Mahaffey studied for six months in Knisely’s lab, which was investigating TB. While Mahaffey was on summer break in Lancaster, Knisely got word that his TB study would be fully funded. But Mahaffey was finished with lab research.
“Dr. Knisely wasn’t pleased,” Mahaffey said. “The grant was approved 100 percent, and he asked me, ‘Are you coming back?’ But I wanted to finish medical school.”
Later on, after Mahaffey had earned a  medical degree and became an anesthesiologist, he treated Knisely, who had been diagnosed with colon cancer.
“I put him to sleep,” Mahaffey recalled. “I remember he looked up at me and said, ‘I’m glad you didn’t go into research.’”
While in medical school, Mahaffey wed Faustina in 1953, and in 1954, his arduous medical school experience was complete.
Mahaffey had always wanted to practice family medicine. While he was a resident at Indianapolis General Hospital, he was introduced to a variety of specialties during his first year of rotating internship.
“I wasn’t interested in anesthesiology, but they required it,” Mahaffey said. “I wanted to be a family medicine doctor.”
He discovered that he liked anesthesiology, and decided to pursue it, and he eventually became an anesthesiology instructor at Indiana-polis General. After completion of training at the Indianapolis teaching hospital, he was on vacation in Charleston and visited John Brown, M.D., then chairman and founder of MUSC’s young anesthesiology department.
“I told him I intended to return South at some time in the future, and he said, ‘Why don’t you join me now,’” Mahaffey recalled. Mahaffey accepted Brown’s offer, and in 1958, he became an instructor in MUSC’s anesthesiology department. His decision to accept the invitation resulted in him becoming the nation’s longest serving anesthesiology chair after his 35-year tenure was complete in 1994.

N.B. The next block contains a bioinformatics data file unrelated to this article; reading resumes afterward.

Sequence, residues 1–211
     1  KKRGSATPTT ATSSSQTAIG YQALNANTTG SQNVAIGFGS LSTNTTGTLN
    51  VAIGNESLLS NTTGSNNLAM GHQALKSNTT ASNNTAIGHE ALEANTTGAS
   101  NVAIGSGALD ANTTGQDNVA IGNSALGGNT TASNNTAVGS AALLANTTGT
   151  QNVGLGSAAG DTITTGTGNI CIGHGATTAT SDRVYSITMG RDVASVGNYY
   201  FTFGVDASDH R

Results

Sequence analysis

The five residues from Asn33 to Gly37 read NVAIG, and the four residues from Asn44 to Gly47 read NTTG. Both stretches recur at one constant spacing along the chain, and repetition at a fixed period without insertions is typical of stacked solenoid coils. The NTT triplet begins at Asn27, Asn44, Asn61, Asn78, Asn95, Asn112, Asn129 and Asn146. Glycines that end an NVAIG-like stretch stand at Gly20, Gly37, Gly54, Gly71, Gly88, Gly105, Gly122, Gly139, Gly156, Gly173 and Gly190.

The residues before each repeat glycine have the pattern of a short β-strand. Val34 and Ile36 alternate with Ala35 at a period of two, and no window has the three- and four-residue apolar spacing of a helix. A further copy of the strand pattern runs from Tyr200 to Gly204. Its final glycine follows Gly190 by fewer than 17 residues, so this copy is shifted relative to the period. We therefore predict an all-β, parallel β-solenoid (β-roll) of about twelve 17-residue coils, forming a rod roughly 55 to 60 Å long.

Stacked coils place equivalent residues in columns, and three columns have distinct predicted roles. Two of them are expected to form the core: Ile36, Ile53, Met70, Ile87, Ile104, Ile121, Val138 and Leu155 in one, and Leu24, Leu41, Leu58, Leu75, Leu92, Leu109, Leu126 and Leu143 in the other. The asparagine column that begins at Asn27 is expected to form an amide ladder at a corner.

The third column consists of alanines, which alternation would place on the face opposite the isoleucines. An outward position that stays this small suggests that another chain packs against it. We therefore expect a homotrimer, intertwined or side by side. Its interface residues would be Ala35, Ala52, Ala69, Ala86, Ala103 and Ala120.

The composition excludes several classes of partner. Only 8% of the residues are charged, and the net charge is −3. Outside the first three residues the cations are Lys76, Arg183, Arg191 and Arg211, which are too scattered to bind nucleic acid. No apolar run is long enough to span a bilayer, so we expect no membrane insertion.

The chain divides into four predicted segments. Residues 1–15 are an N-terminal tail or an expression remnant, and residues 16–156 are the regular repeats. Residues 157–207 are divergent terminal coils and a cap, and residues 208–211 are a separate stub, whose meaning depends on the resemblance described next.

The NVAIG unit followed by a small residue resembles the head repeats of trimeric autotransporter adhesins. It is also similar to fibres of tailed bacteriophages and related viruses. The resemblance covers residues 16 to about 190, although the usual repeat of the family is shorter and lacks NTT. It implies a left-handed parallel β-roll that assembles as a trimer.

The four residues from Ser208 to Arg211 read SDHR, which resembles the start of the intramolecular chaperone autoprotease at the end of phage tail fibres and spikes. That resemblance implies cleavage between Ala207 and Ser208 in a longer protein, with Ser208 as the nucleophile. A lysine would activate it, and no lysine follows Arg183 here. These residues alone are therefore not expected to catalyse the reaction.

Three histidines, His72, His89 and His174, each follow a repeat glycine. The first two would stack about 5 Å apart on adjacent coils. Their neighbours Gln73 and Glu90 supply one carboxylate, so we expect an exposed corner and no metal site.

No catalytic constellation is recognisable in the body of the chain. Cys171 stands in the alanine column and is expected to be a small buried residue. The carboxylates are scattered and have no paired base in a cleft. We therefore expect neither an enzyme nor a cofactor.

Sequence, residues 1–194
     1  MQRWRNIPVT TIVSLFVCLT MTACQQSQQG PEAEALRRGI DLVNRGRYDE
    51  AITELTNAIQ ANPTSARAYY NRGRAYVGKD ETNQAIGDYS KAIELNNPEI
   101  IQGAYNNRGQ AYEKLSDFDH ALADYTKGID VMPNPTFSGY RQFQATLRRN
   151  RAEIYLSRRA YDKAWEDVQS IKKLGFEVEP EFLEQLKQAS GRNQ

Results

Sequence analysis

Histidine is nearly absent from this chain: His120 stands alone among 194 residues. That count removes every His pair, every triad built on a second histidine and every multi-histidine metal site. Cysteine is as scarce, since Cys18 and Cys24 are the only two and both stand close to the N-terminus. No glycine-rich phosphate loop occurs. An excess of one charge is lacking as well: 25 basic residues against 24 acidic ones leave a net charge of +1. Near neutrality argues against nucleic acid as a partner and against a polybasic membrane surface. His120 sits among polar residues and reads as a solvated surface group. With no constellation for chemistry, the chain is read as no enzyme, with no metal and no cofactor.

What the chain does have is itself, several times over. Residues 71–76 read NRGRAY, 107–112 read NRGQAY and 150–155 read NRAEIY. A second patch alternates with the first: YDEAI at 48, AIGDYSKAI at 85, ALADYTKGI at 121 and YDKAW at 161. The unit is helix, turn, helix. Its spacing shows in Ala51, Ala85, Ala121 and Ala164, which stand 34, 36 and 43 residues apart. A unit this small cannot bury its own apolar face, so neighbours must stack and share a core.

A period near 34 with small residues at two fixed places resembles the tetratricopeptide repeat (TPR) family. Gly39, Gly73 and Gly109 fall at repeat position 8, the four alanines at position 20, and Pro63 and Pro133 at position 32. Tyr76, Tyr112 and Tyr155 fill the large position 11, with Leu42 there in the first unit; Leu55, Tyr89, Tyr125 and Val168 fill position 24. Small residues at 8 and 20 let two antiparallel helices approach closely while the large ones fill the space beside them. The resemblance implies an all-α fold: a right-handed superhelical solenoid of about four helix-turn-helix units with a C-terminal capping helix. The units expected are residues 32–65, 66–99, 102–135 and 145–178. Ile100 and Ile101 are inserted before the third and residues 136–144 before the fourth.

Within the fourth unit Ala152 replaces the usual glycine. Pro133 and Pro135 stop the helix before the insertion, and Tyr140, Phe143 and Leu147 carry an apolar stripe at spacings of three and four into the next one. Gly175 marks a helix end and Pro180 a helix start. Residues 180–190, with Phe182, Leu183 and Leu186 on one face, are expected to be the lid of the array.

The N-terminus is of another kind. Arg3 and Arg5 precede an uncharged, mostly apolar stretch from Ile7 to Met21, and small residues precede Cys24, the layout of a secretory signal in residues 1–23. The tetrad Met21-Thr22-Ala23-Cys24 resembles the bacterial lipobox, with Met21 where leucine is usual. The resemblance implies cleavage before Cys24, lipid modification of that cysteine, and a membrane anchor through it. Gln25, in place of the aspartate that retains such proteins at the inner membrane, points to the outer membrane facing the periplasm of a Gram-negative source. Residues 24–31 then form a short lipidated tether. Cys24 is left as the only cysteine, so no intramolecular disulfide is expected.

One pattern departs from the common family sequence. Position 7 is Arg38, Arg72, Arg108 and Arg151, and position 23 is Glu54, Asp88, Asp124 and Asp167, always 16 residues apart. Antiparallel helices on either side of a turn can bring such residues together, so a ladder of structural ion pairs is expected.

On March 9, John Mahaffey’s long, distinguished career was marked by the establishment of The John E. Mahaffey, M.D., Endowed Chair.
Mahaffey was the third department chairman of MUSC’s Department of Anesthesia & Perioperative Medicine, which was founded in 1949.
A year before he became its chairman in 1964, Mahaffey was an instructor of anesthesiology.
Shortly after taking the department helm, Mahaffey became listed on the Water Aqualumni Tree, a prestigious honor bestowed on American anesthesiologists. The tree was created by Lucien Morris, M.D., in honor of Ralph Waters  for clinical care teaching and research. Mahaffey is listed as a fourth generation of these anesthe-siologists, who are considered doctors’ teachers. He is the only MUSC doctor in this tree.
During his tenure as chairman, Mahaffey led the department through a period of growth, both in size and stature.
In addition to expanding the anesthesiology program at MUSC, Mahaffey advanced the field through his service as the president of the South Carolina Society of Anesthesiologists and on the board of the American Society of Anesthesiologists, along with several state and national committees of scientific and educational organizations.
Due to his vision and leadership, the department remains one of the most desirable and sought-after anesthesiology training programs in the country.

Friday, May 30, 2008